Post #2:  Two Brains in One

This is Part 2 of my four-part series on the brain and business.  Here we’ll look at the fast and slow systems at work in your brain.  (Reminder, Post 1-3 of this series are more science-based, and Post 4 will tie this all together.)

In his compelling book Thinking Fast and Slow, Nobel Prize winner Daniel Kahneman, explores what he calls System 1 and System 2, which respectively produce fast and slow thinking.  The intuitive System 1 is more influential than your experience tells you, and it is the secret author of many of the choices and judgments you make.  Associative memory, the core of System 1, continually constructs a coherent interpretation of what is going on in our world at any instant.  Most of what you (your System 2) think and do originates in your System 1, but System 2 takes over when things get difficult, and it normally has the last word.  The division of labor between System 1 and System 2 is highly efficient:  it minimizes effort and optimizes performance.  System 1 has been shaped by evolution to provide a continuous assessment of the main problems that an organism must solve to survive.  As such, System 1 cannot be turned off.  Controlling thoughts and behaviors is one of the tasks that System 2 performs, as well as more engaged and analytical thinking(1).  

The tendency to like (or dislike) everything about a person -  including things you have not observed - is known as the halo effect; a common bias that plays a large role in shaping our view of people and situations.  It is one of the ways the representation of the world that System 1 generates is simpler and more coherent than the real thing(2).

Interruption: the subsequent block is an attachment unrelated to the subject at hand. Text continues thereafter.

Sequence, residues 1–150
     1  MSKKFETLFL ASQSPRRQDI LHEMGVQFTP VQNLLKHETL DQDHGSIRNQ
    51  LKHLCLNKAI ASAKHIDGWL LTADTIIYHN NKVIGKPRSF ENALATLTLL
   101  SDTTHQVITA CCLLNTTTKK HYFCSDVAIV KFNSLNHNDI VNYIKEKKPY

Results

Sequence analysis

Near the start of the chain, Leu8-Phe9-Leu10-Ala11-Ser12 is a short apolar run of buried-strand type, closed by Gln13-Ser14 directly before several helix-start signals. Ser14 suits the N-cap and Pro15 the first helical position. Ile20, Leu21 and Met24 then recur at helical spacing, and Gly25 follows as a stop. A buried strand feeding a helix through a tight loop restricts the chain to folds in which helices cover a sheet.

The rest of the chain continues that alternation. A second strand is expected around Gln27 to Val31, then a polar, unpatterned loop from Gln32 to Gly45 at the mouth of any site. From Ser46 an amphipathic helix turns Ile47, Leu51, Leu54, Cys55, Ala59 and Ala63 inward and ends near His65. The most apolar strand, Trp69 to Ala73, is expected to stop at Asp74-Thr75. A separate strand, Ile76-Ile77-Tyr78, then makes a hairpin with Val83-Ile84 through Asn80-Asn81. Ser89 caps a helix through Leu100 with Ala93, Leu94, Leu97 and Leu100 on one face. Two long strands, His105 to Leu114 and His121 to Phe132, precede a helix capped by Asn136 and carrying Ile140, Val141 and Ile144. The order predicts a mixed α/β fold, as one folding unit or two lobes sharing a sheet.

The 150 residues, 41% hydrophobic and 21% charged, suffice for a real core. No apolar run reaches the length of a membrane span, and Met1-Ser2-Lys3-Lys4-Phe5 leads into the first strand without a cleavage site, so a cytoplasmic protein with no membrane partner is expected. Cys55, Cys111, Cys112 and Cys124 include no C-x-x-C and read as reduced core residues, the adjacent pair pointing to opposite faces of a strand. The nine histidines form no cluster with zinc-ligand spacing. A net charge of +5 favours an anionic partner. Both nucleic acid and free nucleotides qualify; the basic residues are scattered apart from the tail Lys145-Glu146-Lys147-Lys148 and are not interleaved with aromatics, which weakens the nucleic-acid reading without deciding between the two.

The reflexive fast system acts immediately, sending information directly from sense organs (eyes, ears, skin, nose, tongue) through the thalamus to the amygdala (click here to read the post, Fear and Marketing, for more information on the amygdala).  All this processing can occur within one twelfth of a second.  Simultaneously, the slow system sends sensory information on to the hippocampus and cortex for further evaluation (click here to read Brain 101, Post 1 of this series, for more information about brain parts referenced in this article).  The slow circuit aids in fear processing by contextualizing the information in time and space and making sense of the behavioral and visceral reaction already set into motion by the fast system.  In this way, our conscious executive functions discover the decisions that have already been made by our unconscious executives.  The diagram below, from Louis Cozolino’s The Neuroscience of Psychotherapy, displays this cycle.  Further, by the time we become conscious of others, our brain has already made decisions about them(3).


So, quick recap:  System 1 – intuition/impulse.  System 2 – engaged/analytical (often endorses or rationalizes the ideas/feelings generated by System 1.

ENGAGE:  Be sure to check out Post #3 (of the four-part series): Implicit vs Explicit Memory for information on how we form our sense of “reality”.

GO FURTHER: To learn more about Kahneman's work, click here(1,2) to pick up Thinking Fast and Slow.  To read more from Louis Cozolino’s The Neuroscience of Psychotherapy, click here(3).